A progressive response
to Obama's Latin American policy
By Harry Targ / The Rag Blog / September 22, 2010
Hopes for change in United States relations with Latin America
Progressives were more hopeful about a change in United States foreign policy toward Latin American than any place else as Barack Obama assumed office in January 2009. Even though the nation’s attention was appropriately fixated on two wars, Iraq and Afghanistan, and a deepening threat of war in the Middle East, they thought that the new administration could most easily begin to reshape the image of the United States role in the world in the Western Hemisphere.
Many scholar/activists urged the new administration to reverse the history of U.S. imperial rule in the Western Hemisphere by recognizing spreading populist politics in Venezuela, Bolivia, Ecuador, Paraguay, Uruguay, Nicaragua, El Salvador, Honduras, and in Argentina, Brazil, and Chile.
Also, most commentators on Latin America proclaimed that it was time to end the 50-year blockade of Cuba, advocating that the United States reestablish formal diplomatic relations with the Hemisphere’s first Socialist country, and endorsing the right of any nation to choose its own destiny. Particularly, this principle should be applied to United States relations with the new populist regimes and particularly Venezuela as it pursues what it calls “21st century socialism.
In addition, many observers assumed that the United States would use its influence and resources to reduce the bloody violence in the 50-year civil war in Colombia and in the process reverse war-like hostilities between Venezuela, Colombia, and Ecuador. “The war on drugs,” the latest rallying cry for continuing U.S. military intervention in the region, would be reversed.
Progressives expected that United States material and diplomatic resources in the Hemisphere would shift from military transfers to multilateral economic assistance to facilitate continued economic development in the region. The United States, from this perspective, would respect those nations who chose to reject the neoliberal model of development based upon privatization of public institutions, reductions in government participation in local economies, and the promotion of exports at the expense of production for domestic needs.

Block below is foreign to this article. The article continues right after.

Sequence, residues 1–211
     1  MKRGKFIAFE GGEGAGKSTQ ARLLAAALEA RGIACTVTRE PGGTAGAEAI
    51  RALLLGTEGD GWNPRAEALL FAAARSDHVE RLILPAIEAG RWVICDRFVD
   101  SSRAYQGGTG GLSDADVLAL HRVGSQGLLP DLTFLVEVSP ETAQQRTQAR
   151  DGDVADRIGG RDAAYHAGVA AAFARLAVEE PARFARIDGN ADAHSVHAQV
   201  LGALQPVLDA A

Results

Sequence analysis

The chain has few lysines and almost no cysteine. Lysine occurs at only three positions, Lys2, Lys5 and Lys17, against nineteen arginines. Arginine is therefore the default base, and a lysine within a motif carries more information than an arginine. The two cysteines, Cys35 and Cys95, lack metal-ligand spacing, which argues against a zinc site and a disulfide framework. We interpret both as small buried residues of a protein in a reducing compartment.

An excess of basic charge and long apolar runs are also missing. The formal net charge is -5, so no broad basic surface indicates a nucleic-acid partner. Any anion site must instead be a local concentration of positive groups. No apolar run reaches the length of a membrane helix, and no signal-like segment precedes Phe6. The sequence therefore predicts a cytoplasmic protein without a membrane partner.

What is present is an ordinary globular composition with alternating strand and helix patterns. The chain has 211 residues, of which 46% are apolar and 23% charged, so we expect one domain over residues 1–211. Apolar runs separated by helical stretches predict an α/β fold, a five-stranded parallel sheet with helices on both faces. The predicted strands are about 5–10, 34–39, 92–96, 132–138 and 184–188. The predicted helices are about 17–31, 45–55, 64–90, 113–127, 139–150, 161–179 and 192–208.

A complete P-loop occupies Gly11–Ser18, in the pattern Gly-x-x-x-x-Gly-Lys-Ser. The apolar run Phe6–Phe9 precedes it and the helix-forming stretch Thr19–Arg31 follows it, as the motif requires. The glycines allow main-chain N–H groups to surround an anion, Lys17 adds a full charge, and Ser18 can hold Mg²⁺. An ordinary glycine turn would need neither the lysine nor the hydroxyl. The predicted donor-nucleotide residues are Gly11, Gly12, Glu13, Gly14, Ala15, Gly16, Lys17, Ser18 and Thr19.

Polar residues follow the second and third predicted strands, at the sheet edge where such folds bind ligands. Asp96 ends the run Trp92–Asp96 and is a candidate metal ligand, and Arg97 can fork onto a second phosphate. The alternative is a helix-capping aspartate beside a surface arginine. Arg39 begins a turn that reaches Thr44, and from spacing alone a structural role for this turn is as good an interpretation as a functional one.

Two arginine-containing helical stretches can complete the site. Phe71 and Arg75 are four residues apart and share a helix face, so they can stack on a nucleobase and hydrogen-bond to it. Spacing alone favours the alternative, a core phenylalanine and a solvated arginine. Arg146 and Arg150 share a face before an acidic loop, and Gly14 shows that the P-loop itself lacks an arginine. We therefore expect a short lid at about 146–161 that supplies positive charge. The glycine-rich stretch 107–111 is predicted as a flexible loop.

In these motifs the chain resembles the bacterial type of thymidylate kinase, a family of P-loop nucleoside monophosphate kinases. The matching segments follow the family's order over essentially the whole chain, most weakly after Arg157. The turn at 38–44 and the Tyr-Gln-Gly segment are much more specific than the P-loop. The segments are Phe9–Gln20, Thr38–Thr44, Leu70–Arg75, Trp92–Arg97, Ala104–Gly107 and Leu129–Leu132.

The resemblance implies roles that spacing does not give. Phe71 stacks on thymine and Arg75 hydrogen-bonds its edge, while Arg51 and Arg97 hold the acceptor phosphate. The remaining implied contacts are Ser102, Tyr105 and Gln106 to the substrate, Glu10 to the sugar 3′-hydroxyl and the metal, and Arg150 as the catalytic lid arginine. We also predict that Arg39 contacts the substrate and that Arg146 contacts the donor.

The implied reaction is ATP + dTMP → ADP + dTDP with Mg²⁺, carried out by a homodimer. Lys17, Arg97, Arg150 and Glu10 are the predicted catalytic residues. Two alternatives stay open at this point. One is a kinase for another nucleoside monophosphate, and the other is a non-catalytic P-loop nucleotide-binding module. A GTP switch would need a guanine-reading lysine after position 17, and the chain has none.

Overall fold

In conjunction with declining advocacy of neoliberal policies, it was hoped that the United States in the new administration would move toward an immigration reform policy that recognizes the connections between harsh and austere economic policies forced on Latin American countries and the migration of people, desperately seeking work, to other countries.
In a January, 2010 document the Council on Hemisphere Affairs (COHA) summarized the condition of United States/Latin American relations when President Obama came into office:
Productive cooperation on a variety of shared regional concerns had been all but ignored by a Bush administration completely distracted by the Iraqi War, and in favor of an approach characterized by confrontation, diplomatic bullying, and the continued pursuit of policies detrimental to the abiding interests of both Latin America and the United States. Apparently recognizing this, Obama brought with him a promise to begin a “new chapter in the story of the Americas,” in which the U.S. leader would follow an inclusive and relevant approach to regional diplomacy, coupled with a pledge to begin matching rhetoric with deeds.” (COHA, January 2010)